Growing up in faith and action

Throughout my life as a lawyer, pastor and author, I’ve always had a heart for the underdog.  I’ve always felt compassion for people who face difficult struggles. I used to think that this was just a part of my personality.  When I was a little girl with five older brothers, I’d share a drink of my pop (yes, I’m from the Chicago area!) with all of them if they didn’t have any….leaving me with little for myself.  But sharing with them made me happy, because they were happy.

I recently was reminded of Maslow’s Hierarchy of Needs….you know, the one you studied in school that identifies the basic needs of humans in a pyramid, beginning at the base with physiological needs, with the higher needs at the apex.512px-Maslow's_hierarchy_of_needs

According to Maslow, only when you’ve satisfied the basic needs can you focus on achieving the highest of human needs, which is self-actualization.  The pyramid shows that self-actualization includes, at the very top, morality. Every human has a need to fulfill a sense of what’s right and moral in their lives. The human heart that hasn’t been corrupted yearns for goodness and justice, not just for self, but for all.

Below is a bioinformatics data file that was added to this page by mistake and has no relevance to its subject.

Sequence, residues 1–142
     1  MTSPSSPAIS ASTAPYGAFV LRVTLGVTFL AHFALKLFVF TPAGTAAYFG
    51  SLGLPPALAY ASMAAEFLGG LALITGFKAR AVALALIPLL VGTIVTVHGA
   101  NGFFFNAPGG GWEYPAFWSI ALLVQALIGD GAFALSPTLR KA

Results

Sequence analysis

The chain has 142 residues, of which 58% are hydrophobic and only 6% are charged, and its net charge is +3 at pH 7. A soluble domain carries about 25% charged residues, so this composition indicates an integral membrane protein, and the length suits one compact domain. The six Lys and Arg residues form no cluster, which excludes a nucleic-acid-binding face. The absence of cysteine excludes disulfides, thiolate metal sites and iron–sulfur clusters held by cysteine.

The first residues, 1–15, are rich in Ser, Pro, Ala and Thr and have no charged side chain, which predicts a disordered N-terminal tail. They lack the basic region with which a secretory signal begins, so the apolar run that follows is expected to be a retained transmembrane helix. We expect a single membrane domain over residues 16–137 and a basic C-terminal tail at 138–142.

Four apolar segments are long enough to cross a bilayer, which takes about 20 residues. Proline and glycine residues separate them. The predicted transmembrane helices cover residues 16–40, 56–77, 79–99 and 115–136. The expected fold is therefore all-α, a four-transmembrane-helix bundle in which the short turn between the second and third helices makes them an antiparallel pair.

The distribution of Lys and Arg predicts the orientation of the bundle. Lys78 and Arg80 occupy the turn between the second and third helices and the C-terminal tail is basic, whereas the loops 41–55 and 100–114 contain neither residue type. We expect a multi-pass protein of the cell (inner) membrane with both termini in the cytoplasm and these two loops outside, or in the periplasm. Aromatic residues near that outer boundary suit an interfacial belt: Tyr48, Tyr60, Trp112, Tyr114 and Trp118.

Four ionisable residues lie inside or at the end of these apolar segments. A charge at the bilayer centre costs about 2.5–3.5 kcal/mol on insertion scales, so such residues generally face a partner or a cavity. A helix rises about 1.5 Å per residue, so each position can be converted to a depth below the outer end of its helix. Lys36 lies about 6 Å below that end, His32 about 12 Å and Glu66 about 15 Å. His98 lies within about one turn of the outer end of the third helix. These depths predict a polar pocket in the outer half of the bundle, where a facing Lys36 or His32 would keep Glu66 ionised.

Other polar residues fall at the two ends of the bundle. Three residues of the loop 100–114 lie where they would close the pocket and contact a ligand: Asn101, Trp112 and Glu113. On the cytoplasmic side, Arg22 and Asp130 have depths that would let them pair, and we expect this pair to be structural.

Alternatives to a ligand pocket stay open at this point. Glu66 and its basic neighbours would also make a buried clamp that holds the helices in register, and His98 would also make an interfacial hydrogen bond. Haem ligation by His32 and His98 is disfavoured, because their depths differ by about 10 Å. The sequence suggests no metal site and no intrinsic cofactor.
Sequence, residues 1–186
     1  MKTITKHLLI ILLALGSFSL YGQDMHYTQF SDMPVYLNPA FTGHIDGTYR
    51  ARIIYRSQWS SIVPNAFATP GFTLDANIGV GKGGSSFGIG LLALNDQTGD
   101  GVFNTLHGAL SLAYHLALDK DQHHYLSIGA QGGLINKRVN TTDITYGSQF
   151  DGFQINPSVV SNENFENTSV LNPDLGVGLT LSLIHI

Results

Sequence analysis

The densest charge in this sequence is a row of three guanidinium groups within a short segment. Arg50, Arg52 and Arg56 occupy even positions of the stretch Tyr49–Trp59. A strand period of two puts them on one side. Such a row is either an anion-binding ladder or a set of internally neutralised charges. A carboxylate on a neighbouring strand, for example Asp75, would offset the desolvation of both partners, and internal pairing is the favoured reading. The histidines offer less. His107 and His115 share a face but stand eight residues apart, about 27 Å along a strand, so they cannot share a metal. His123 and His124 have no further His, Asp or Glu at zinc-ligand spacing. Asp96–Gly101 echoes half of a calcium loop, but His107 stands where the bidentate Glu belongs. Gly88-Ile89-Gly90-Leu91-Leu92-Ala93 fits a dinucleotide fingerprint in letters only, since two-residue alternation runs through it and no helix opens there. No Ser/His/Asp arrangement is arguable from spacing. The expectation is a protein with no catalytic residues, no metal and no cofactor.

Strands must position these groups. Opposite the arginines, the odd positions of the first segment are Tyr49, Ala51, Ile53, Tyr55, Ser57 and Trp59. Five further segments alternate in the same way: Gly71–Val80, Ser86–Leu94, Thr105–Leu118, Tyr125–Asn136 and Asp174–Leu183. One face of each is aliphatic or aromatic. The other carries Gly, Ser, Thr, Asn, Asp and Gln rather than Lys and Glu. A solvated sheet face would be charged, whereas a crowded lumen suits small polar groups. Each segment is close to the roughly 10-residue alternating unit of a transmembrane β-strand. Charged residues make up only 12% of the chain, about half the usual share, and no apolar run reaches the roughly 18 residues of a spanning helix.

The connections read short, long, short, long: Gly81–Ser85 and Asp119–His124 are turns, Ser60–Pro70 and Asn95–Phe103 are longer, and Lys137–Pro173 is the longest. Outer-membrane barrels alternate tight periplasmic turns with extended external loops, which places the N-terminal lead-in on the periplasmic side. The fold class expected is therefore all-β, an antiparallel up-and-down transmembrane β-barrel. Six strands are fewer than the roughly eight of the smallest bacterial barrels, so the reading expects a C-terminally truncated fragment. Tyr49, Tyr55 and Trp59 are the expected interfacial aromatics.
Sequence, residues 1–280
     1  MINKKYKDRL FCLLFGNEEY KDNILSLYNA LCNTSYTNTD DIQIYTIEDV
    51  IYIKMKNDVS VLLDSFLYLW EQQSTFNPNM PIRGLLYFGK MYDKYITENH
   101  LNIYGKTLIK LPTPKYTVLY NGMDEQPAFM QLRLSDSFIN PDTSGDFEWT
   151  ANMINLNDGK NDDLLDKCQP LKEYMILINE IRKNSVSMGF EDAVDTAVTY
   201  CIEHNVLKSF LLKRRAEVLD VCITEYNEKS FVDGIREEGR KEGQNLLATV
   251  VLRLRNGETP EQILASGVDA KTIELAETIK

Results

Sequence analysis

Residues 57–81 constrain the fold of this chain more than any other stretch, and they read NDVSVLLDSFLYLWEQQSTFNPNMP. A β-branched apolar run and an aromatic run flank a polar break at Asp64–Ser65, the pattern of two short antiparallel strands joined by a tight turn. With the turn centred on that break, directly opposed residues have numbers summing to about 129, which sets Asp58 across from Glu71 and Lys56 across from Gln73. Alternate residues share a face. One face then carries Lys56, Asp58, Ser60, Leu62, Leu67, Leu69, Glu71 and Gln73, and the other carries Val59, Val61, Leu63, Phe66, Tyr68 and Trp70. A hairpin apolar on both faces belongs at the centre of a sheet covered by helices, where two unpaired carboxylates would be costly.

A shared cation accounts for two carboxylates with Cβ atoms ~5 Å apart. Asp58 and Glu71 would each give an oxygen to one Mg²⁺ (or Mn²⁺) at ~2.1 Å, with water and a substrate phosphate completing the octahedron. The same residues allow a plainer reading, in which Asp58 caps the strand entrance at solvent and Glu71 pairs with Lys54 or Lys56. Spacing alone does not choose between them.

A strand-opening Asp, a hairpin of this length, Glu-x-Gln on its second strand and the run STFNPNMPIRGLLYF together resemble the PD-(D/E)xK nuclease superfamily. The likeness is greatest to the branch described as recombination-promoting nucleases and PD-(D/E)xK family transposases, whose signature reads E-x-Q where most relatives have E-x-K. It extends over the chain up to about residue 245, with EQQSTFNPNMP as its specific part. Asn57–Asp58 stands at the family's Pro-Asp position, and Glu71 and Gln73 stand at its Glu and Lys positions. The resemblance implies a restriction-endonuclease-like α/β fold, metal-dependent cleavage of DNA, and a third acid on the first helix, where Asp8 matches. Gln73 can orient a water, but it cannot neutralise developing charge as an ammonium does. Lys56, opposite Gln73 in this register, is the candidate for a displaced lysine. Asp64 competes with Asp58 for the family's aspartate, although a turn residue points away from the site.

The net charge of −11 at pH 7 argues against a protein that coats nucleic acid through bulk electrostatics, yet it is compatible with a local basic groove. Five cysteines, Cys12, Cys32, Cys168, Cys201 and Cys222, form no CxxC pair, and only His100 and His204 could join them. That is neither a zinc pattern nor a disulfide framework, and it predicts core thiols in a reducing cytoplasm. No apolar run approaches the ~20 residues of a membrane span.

Self-actualization to me means that you’ve been fortunate enough to have your other basic needs met to such an extent that you can focus on the higher desires of your hearts.  When you reach that point, you’re able to figure out that it’s not all about you.  When you self-actualize, you can stop focusing on your own needs and think more about what purpose you will serve to others in this world.

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